Durwood was known as an 'innovator' in the exhib world
Stanley H. Durwood, the feisty and controversial theater exhibition magnate, died Wednesday at the age of 78.
Durwood, founder and CEO of the AMC theater chain, passed away at his Kansas City, Mo., home from esophageal cancer. He had been in failing health for several years.
Credited with fostering the multiplex era and such amenities as cup holders, stadium seating and, most recently, the love seat, he was very much a hands-on chief executive. Over the course of four decades, he took his family’s Durwood Theaters from little more than a handful of second-run venues to one of the largest exhibition chains in the world, redubbed American Multi-Cinema, with more than 2,700 screens in the U.S., Canada, Japan, Hong Kong, Spain and Portugal.
He was also a true eccentric, famously tight-fisted, headstrong and mercurial. His booking policies often irritated the majors, and internal operating procedures created a rift in what was essentially a family-run biz. As a result, his brother Richard departed in the 1970s, while son Edward resigned as AMC president in 1995.
Trying new things
“There was no one who had more impact on film exhibition since the moguls,” said Barry Reardon, former distribution prexy at Warner Bros. “We had our disagreements, but you had to like and respect him. He was definitely out there trying new things right to the end.”
He was born Stanley Dubinsky, and his father and uncle were involved in traveling tent shows prior to settling in Kansas City in the 1920s, where they acquired several theaters. When his father died in 1960, Durwood took over the 10-theater operation.
The creation of the first two-screen theater has become part of movie mythology. Durwood claimed that in 1962 he was standing in the lobby of his 600-seat Roxy in downtown Kansas City mulling over its poor grosses when he realized he could double his box office by adding a second screen and still operate with the same size staff. A year later, his idea came to life with the Parkway II, built in a suburban mall.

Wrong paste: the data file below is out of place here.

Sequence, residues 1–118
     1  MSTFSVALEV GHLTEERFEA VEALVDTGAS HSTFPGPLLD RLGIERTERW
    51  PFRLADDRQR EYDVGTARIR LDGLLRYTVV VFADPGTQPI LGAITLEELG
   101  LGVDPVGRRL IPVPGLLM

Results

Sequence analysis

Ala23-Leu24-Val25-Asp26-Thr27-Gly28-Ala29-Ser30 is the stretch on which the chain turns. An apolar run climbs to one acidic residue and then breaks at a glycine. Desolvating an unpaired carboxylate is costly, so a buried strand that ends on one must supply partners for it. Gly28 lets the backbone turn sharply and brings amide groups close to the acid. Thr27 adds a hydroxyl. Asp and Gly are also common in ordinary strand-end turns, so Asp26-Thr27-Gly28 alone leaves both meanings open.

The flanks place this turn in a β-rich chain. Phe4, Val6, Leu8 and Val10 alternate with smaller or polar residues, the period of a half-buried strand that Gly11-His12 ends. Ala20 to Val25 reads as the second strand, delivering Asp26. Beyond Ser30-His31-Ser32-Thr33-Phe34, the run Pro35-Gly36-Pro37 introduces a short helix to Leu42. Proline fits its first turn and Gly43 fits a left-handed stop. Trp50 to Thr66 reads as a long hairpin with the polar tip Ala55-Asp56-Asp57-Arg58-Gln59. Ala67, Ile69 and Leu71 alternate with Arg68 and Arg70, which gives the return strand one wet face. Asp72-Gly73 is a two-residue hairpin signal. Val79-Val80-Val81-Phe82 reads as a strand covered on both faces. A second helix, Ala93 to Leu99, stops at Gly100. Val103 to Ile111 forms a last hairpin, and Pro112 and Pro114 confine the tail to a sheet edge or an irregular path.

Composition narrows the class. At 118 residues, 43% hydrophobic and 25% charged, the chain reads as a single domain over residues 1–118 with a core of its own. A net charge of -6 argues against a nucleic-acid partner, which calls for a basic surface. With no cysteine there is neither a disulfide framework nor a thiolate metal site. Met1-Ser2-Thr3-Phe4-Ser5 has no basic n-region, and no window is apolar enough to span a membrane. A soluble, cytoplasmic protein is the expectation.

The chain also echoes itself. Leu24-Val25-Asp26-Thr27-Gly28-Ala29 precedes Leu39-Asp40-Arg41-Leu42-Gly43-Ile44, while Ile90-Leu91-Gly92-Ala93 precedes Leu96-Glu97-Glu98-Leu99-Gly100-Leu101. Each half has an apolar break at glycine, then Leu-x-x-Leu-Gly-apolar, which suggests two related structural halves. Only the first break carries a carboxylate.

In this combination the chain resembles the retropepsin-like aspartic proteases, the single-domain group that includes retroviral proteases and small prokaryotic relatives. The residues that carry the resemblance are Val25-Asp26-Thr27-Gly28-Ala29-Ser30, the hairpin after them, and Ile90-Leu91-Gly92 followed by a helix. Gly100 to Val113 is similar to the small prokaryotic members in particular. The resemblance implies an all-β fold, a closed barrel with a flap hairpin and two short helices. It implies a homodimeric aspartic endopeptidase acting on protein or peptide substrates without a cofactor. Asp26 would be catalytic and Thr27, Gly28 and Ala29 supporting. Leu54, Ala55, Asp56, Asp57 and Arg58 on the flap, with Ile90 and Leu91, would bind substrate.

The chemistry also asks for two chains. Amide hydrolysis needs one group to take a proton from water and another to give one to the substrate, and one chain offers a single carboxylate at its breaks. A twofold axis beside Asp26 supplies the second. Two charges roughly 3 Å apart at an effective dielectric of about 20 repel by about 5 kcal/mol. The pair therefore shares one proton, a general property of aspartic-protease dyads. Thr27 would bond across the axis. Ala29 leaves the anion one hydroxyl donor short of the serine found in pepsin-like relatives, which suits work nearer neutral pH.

Durwood took AMC into the forefront of exhibition in the 1980s with an aggressive building and acquisition strategy that overextended the company and threatened to topple his empire. By the end of the decade, he had built up company debt to 100% of revenues and diminished stock value by two-thirds.
He rebounded, however, after selling off assets, including his European theater circuit, and trimming operating costs. Durwood entered the 1990s with grander plans, including the first megaplexes to feature 30 screens.
As one industry rival noted, Durwood and AMC were considered dead and buried a handful of times but always came back bigger and stronger.
“He was a great innovator,” MGM distribution chief Larry Gleason said. “Stan was full of ideas. Some were admittedly oddball, but there were always a couple that were inspired. He was the first person to make the multiplex work in Europe, too.”
He developed and patented theater sound systems and special screens. Such trial projects as microwave popcorn, film distribution and 16mm projection proved unviable, however.
In his most recent venture, he was developing a string of theater/dining/retail shopping complexes with Planet Hollywood. The first Planet Movie opened in Columbus, Ohio, earlier this year.
“He created an AMC culture that became a part of the exhibition and distribution sectors,” AMC president Phil Singleton said. “He called himself a provocateur, and the worst thing anyone could do was tell him something was impossible. He kept on breaking through barriers, and he changed the industry for the better.”
Over the years Durwood received every top industry award, including pioneer of the year in 1993 and the NATO/ShoWester honor in 1996.
Though assertive and charismatic, he was never grandiose. Durwood drove a Honda and always flew coach.
Durwood is survived by his wife of 16 years, Pamela Yax; six children; and 13 grandchildren. Funeral and memorial arrangements were pending.